Under the Crescent and the Cross, is a book which offers an insight into the turbulent history of St Mary the Crowned – a mosque, church and cathedral. Written by former Director of Culture Manolo Galliano, this is an indepth study of one of the Rock’s most iconic buildings but it also features some of the forgotten human aspects of the people who were at the forefront of the church “defended it in times of need and ensured that we have inherited the archive of information” which exists today. Manolo Galliano has always had a keen interest in all historical matters. As Director of Culture he began to keep records on the many cultural events over the years. His interest is also on its people and its culture.
“I have collected and read umpteen books on Gibraltar during my life time and even as a teenager, I was already a member of the old Gibraltar Society, the percursor of the present Gibraltar Heritage Trust.”
Today he is a member of the Gibraltar Heritage Trust.
“I have been a Trustee for the last nine years and over the last few years have been contributing articles for its Journal. This year, for instance, there is an article introduced by me on an eyewitness account of the capture of Gibraltar in 1704 and another on on the history of the Hermitage of Our Lady of the Rosary (doorway of St. Jago’s).”
Mr Galliano said that originally his intention, originally, was to research and prepare for publication a book on Gibraltar’s churches, monasteries and hermitages, but it got so unwieldy and voluminous, that he decided to subdivide them into separate publications. This new book is therefore the first of a series. Already he has completed the next two – the history of the Franciscan Monastery (The Convent), followed by part one of a three part book on the history of the Monasteries of San Juan de Dios and La Merced and the Convent of Clarisas.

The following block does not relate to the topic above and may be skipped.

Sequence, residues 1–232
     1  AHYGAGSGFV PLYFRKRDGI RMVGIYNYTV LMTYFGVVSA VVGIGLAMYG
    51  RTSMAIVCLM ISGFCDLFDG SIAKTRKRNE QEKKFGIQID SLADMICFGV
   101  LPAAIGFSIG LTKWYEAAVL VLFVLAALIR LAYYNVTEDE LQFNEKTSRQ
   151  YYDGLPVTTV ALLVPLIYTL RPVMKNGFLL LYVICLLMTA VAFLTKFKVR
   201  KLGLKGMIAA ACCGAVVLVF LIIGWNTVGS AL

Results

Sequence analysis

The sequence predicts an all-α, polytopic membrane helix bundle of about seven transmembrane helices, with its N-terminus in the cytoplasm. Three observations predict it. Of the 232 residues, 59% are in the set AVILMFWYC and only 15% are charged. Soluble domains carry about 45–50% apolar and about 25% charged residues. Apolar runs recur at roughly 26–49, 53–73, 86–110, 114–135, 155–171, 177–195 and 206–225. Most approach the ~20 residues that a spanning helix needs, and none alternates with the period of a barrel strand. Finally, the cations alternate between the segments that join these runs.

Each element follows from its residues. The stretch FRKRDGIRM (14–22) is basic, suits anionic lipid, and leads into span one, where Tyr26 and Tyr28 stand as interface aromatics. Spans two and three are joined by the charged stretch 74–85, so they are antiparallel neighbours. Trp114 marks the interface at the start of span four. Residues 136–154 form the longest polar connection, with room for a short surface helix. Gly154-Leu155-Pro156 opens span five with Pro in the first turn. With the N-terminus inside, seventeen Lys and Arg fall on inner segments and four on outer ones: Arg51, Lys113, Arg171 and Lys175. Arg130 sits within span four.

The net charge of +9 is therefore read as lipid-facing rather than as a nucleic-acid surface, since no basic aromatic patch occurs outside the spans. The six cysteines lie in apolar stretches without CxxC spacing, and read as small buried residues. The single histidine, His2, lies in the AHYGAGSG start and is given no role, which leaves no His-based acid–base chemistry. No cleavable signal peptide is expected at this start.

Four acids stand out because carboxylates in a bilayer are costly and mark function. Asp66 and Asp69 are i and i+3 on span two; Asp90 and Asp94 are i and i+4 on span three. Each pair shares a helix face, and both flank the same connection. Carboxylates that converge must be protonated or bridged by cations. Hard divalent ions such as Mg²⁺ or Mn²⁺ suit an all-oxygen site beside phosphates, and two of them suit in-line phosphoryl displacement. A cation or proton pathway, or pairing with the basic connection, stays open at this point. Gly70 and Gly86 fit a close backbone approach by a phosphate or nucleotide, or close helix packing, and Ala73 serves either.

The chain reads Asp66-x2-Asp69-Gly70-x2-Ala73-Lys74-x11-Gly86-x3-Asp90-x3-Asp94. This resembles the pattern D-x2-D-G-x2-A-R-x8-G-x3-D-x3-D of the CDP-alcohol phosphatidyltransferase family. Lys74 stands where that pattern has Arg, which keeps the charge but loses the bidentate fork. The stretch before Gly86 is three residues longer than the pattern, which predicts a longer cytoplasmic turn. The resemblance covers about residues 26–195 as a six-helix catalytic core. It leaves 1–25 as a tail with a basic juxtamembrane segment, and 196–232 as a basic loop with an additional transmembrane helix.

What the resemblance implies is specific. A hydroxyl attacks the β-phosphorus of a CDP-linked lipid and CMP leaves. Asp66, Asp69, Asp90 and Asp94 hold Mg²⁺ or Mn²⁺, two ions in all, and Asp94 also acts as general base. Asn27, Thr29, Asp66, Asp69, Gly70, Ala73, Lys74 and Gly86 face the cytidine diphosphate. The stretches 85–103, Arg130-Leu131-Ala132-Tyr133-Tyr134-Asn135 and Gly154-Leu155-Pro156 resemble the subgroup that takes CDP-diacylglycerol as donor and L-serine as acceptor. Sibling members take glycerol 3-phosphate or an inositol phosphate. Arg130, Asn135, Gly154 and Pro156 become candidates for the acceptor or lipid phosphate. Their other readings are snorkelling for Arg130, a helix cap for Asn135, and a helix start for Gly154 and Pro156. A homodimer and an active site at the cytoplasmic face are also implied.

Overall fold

Mr Galliano has been researching and writing on all these ecclesiastical buildings for the last 18 months.
“Difficult,” he says, “with my busy life style and two small grandchildren underfoot most of the day (they live with us 24/7), but I always try to find time, mostly in the late evenings.”
Very often, he tells me, when he has discovered some new long lost piece of information, it is like discovering another piece of a very disjointed jigsaw, which adds up to the picture and either proves or upsets some previous theoretical ideas.
“You ask what fascinates me about the building. Certainly, its resurgence like the proverbial phoenix from the flames after the destruction of the Great Siege and that despite its long history, at least a remnant of its original architectural glory is still evident.”
And Mr Galliano, was able to gain access into the bell tower, all the way up to the interior of the cupola – “that was an experience, especially being abe to see the old bells at close quarters, one of them being over seven centuries old – imagine what events it has witnessed over the ages.”
He beleives that Padre Romero de Figueroa, was a great Gibraltarian patriot, a very brave man who decided to remain in post, when it would have been easier for him to have left to more peaceful climes with his relations.
“He was criticised for being foolhardy etc, but was instrumental in saving the church for future parishioners and preventing its looting,whilst all the other ecclesiastical buildings were soon converted into barracks, stores, hospitals and residents.”
The book also has a great selection of photogrpahs by Victor Hermida. I asked Mr Galliano, he had decided to feature a section on the many Bishop cape’s and artefact’s.
“What the Cathedral has as some of its treasures , the details of the sculptures and bosses around the windows and ceilings, ciboriums, chalices, images and vestments – all of these, items or details which the everyday churchgoer or visitor to the church are not privy to or which they pay little attention to.
“Hopefully, after reading my book and seeing the photos, they will look around and appreciate in a better way what the Cathedral still has.”